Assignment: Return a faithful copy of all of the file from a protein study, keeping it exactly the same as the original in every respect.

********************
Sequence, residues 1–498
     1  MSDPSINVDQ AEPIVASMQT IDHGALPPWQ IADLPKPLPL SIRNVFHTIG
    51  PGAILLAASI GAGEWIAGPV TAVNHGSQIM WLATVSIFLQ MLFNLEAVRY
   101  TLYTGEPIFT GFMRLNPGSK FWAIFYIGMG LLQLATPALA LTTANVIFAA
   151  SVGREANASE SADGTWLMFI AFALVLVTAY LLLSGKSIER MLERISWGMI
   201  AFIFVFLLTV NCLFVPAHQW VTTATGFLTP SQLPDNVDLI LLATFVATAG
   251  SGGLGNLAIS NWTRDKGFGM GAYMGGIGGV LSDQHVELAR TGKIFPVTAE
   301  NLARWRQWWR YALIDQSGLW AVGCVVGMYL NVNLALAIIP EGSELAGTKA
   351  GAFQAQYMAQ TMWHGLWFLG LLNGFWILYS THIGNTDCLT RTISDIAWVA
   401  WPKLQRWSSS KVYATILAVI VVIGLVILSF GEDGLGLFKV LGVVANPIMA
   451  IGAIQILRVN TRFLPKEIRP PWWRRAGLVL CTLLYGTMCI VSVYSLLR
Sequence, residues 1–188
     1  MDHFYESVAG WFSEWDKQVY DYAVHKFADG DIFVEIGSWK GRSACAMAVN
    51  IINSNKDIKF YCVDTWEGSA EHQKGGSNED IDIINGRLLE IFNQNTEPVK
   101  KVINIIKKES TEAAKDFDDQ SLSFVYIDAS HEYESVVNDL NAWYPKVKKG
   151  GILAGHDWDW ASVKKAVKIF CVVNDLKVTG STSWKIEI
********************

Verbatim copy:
Sequence, residues 1–498
     1  MSDPSINVDQ AEPIVASMQT IDHGALPPWQ IADLPKPLPL SIRNVFHTIG
    51  PGAILLAASI GAGEWIAGPV TAVNHGSQIM WLATVSIFLQ MLFNLEAVRY
   101  TLYTGEPIFT GFMRLNPGSK FWAIFYIGMG LLQLATPALA LTTANVIFAA
   151  SVGREANASE SADGTWLMFI AFALVLVTAY LLLSGKSIER MLERISWGMI
   201  AFIFVFLLTV NCLFVPAHQW VTTATGFLTP SQLPDNVDLI LLATFVATAG
   251  SGGLGNLAIS NWTRDKGFGM GAYMGGIGGV LSDQHVELAR TGKIFPVTAE
   301  NLARWRQWWR YALIDQSGLW AVGCVVGMYL NVNLALAIIP EGSELAGTKA
   351  GAFQAQYMAQ TMWHGLWFLG LLNGFWILYS THIGNTDCLT RTISDIAWVA
   401  WPKLQRWSSS KVYATILAVI VVIGLVILSF GEDGLGLFKV LGVVANPIMA
   451  IGAIQILRVN TRFLPKEIRP PWWRRAGLVL CTLLYGTMCI VSVYSLLR
Sequence, residues 1–188
     1  MDHFYESVAG WFSEWDKQVY DYAVHKFADG DIFVEIGSWK GRSACAMAVN
    51  IINSNKDIKF YCVDTWEGSA EHQKGGSNED IDIINGRLLE IFNQNTEPVK
   101  KVINIIKKES TEAAKDFDDQ SLSFVYIDAS HEYESVVNDL NAWYPKVKKG
   151  GILAGHDWDW ASVKKAVKIF CVVNDLKVTG STSWKIEI